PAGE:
Funeral Ceremonies Are For Survivors

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Grief is described as "deep sorrow, especially that caused by someone's death." To better understand our grief, we have funerals. The ceremony, or structured event dedicated to the deceased helps us to better understand and express our grief, and our love, for those we've lost.

Does anyone question the value of an anniversary or birthday party? What about a wedding? If a war hero, politician, teacher or celebrity of any type passes away, no one questions the ceremony. The measure of life isn't based upon notoriety, but the contribution an individual made to the lives of others. Every father, mother, sister, brother, friend, mentor and co-worker has touched the lives of the people close to them. They deserve to be honored, and their loved ones deserve to express their feelings of loss and sorrow.

Often, part of the funeral ceremony is viewing the deceased in a casket. Psychologists and clergy concur that this simple act plays an important role in accepting the loss of a loved one, and beginning a new life without that individual. At most funerals, everyone in attendance is given the opportunity to approach the casket to pay last respects. We do this not for the deceased, but to support the immediate family, those that suffer most from the death. In this way the funeral ceremony becomes a community event, where friends, co-workers and relatives participate in a ritual of support.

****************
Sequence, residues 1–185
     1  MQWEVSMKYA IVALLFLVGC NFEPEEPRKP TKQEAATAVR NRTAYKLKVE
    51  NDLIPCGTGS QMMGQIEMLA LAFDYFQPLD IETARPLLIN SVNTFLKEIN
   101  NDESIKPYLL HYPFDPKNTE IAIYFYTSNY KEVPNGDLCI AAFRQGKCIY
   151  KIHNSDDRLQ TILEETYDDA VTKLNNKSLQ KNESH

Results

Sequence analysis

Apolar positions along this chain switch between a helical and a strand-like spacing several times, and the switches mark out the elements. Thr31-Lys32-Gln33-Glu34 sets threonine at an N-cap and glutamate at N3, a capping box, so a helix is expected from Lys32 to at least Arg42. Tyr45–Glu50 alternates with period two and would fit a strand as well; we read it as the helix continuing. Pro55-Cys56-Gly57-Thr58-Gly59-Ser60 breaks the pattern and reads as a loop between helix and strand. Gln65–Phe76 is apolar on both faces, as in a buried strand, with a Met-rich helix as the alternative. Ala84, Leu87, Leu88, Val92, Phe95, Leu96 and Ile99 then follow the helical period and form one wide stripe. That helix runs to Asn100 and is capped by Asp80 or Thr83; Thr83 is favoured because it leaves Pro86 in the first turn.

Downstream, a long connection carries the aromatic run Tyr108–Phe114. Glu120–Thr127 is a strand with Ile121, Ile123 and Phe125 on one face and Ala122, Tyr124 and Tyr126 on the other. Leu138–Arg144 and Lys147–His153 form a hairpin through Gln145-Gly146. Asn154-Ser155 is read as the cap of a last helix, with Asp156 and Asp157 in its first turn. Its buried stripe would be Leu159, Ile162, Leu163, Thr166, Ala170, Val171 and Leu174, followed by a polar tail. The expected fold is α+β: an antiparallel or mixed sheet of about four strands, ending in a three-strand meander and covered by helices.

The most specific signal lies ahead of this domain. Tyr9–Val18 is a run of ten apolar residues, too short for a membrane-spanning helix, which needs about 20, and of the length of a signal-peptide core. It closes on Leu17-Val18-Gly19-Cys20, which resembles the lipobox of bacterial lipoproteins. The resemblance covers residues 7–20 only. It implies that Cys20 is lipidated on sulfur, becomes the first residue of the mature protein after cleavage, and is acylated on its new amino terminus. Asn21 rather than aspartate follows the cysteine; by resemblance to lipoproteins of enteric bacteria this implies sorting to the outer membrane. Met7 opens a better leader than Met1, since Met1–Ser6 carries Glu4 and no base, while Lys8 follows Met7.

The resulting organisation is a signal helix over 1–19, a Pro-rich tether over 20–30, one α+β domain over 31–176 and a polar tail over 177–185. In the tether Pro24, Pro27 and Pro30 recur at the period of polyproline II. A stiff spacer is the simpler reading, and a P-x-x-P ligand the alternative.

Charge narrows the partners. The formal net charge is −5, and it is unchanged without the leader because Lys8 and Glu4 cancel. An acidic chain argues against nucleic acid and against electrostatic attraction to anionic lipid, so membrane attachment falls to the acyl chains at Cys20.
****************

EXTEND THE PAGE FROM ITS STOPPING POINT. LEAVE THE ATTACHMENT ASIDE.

Funerals in recent years have become less formal. Many families choose to include a celebrant, a trained professional skilled at involving those in attendance in the service through eulogies, or pleasant memories, or just an expression of love for the deceased. As cremation has become more popular so has the concept of a memorial service. A memorial service can be less formal than a funeral, and because they are typically held in conjunction with cremation, the memorial service can occur at any time, or anywhere. It is not uncommon to have multiple memorial services.

The value of a funeral or memorial service is not determined by the amount of money the family spends or by the number of people that attend. The value is the knowledge shared by the survivors that the life of someone dear to them had meaning and was honored.

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